Throughout the world there are over 165 million Bengalis who speak our own distinct language and follow various religions. Growing up a first-generation Bangladeshi American, I often found myself explaining who I was, and where I was from, and detangling many other cultural misunderstandings to people mostly only familiar with the Indian country and the Hindu religion. 


Aside from explaining the intricacies of my identity, I found myself combatting stereotypes and biases from various angles. Of the many cultural aspects of contention I’ve experienced, one that stands out as standard has been around food. 


During my high school and college years, I was exposed to and became friends with people of all backgrounds. Our diversity dinners allowed me to taste the best of the world- Thai Corn Fritters, Ethiopian Injera, Dominican Plantains and so much more. 


Raised on some of the best spices and flavors of the world, I always knew just how great Bengali food was, but I also vividly recall all the not-so-funny jokes about how our food could sometimes be smelly. It’s been interesting to see how unpopular foods like curry were when I was growing up, compared to how much people enjoy South Asian food now. I’ve also seen how our culture has been appropriated without due credit (Yoga anyone? Henna tattoos…Wigs and Weaves).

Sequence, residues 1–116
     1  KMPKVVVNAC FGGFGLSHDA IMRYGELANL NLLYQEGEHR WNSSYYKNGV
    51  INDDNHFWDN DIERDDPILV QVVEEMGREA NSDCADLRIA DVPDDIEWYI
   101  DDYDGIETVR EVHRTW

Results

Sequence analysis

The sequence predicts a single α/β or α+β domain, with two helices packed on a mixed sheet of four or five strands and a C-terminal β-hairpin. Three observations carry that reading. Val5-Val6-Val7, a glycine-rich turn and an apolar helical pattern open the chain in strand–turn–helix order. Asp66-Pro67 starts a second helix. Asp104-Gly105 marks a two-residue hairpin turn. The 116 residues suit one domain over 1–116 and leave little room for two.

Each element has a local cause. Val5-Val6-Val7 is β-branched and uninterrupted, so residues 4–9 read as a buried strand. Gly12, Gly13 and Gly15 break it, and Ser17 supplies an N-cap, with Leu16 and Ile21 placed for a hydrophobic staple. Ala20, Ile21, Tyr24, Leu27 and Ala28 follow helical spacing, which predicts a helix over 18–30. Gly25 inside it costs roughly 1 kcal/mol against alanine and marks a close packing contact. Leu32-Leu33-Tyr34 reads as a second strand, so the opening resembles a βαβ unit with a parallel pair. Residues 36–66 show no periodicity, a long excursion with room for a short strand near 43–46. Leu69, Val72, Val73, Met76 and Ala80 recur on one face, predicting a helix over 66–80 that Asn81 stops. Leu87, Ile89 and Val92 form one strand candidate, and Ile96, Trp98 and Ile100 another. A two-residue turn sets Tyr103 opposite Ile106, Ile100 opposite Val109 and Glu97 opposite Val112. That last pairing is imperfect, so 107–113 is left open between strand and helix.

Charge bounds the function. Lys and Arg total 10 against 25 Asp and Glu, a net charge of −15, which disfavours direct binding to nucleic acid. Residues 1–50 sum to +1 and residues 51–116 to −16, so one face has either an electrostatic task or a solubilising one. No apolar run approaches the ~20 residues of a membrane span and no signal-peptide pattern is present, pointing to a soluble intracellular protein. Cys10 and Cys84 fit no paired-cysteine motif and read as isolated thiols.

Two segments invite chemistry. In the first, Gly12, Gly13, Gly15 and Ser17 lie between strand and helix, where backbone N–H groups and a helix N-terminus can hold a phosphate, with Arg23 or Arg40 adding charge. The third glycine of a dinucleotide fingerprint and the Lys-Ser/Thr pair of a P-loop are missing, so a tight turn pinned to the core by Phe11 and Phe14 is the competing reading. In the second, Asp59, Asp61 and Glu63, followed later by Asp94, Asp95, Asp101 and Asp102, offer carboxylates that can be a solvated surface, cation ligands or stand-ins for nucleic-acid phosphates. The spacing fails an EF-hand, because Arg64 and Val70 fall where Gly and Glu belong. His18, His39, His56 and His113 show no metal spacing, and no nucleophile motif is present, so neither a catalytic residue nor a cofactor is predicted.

However, compared to the time when I was growing up, today, many more people are aware of differing cultural experiences. It seems, the culture of appropriation can also given space for cultural appreciation.


Cultural appreciation has been one of the main reasons we at I Am Perspective are committed to creating more dialogue, awareness and empathy around multicultural issues. We know firsthand how appropriation feels, but also know there is so much growth in appreciating each other’s culture. America is comprised of so much culture from food to the arts and more. 


From our multicultural holiday parties to our diversity dinners we continuously seek to appreciate different facets of culture.